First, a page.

Tuesday, April 26, 2022

Blog 2: Research for Rare Diseases (or lack thereof)

Hello everyone! For those of you just joining in, my name is Jonna Crocker. I am a high school senior who is making a series of blogs for my philosophy class, discussing the injustices for rare disease patients and what we can do to help. If you have not already, take a look at my first blog post to learn more about rare disease life!

For this blog, I will be talking about the research for rare disease patients. 

When you get diagnosed with anything, you expect there to be a cure or treatment readily available. If you catch a cold, there is cold medicine. If you have cancer, there is chemotherapy, radiation, or other treatments approved and tested. But oftentimes with a rare disease, a solid treatment plan is unavailable. In fact, more than 90% of rare diseases lack an effective treatment, despite scientific advancements over the past few years. 

For the less than 10% that do have an effective treatment, it is rare that the treatment would cure the patient and put them into remission. Instead, oftentimes it is used to manage the condition and only lessen the symptoms. 

But why are there so few treatments available? According to the FDA, there are too many reasons for the lack of drug and device development for rare disease patients. This is due to the complex biology of many of the diseases, and the lack of understanding as to how they affect a person’s body. Most importantly, due to the small number of patients affected by these conditions, there is not a high enough financial incentive to continue the development of medications. Instead, companies would rather put their resources into creating medications that help a large portion of the population so that they can make more profits.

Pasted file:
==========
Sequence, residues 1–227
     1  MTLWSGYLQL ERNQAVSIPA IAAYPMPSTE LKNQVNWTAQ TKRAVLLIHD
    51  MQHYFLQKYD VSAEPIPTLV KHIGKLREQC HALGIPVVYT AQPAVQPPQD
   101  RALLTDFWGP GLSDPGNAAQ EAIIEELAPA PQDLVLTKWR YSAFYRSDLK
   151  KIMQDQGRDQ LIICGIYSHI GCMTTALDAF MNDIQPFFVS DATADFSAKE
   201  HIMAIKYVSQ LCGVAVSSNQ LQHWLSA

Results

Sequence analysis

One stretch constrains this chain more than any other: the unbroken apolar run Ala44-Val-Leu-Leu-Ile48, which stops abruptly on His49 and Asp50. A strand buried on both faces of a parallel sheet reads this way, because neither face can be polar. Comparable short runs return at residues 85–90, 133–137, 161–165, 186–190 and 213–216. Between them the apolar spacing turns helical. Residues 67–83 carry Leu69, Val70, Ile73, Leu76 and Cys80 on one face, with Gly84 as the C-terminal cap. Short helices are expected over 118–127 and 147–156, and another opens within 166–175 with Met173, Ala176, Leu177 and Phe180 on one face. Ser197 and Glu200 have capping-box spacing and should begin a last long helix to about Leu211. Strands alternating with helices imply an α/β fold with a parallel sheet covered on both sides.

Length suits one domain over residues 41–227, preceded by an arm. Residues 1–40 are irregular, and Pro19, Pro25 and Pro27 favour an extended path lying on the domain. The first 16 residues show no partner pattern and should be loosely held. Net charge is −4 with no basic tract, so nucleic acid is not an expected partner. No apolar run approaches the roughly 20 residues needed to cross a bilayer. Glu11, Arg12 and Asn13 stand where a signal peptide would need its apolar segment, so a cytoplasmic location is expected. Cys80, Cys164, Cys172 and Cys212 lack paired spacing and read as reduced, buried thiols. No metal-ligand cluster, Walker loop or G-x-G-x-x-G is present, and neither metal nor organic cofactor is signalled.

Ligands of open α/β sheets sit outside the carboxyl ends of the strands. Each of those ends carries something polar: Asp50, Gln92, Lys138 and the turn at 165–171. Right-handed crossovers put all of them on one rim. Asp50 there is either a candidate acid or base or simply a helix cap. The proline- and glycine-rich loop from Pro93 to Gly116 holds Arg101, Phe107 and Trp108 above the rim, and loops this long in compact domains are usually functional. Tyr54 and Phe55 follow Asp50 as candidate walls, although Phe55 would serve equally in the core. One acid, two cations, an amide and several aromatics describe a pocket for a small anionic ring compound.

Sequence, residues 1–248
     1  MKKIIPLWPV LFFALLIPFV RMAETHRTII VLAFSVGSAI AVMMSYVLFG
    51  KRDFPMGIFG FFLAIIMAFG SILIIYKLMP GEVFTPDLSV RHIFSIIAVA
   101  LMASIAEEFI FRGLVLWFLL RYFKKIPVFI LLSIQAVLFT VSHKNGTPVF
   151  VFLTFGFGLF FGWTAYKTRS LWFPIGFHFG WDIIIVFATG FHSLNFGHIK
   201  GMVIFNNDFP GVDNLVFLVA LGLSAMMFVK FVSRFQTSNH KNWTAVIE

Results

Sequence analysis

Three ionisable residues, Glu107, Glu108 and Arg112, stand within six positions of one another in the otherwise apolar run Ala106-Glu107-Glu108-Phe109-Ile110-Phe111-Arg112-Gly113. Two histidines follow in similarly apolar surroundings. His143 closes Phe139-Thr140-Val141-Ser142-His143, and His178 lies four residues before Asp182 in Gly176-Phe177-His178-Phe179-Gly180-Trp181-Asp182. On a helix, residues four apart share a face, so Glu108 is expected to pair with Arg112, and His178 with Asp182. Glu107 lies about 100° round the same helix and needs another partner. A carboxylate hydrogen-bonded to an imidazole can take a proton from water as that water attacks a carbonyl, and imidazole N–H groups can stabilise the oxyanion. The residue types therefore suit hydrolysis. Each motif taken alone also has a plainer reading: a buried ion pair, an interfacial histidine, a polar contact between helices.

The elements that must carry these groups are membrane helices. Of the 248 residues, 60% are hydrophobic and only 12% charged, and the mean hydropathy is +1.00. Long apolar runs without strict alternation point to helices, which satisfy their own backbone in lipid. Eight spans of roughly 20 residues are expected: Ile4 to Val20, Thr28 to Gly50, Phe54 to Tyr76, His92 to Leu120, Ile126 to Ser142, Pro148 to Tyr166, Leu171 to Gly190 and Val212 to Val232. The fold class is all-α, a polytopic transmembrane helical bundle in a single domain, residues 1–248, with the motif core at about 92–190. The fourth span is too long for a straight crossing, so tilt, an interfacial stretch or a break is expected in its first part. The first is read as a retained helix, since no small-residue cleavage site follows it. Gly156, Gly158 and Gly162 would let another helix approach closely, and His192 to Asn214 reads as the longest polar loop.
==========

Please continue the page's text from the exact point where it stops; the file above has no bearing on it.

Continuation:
In an attempt to try and fix that, the Orphan Drug Act was passed. This gives companies funds to develop drugs for rare diseases and incentivizes companies to help since they will gain a profit. Although this is a great idea in theory, there still is not enough research being done, or treatments in the process of being developed.

For my rare disease, I had to try countless medications that could potentially work but were not covered by insurance because they were not proven to treat my rare condition. We will be discussing insurance discrimination in a later post, so stay tuned to learn more.

Over 90% of rare disease patients have these very same experiences. There are not enough medications to try, and those that have been proven to relieve some symptoms are likely to not be approved by the FDA or do not have enough research to validate their effectiveness. We need more companies to research for our patients. We need to find cures.

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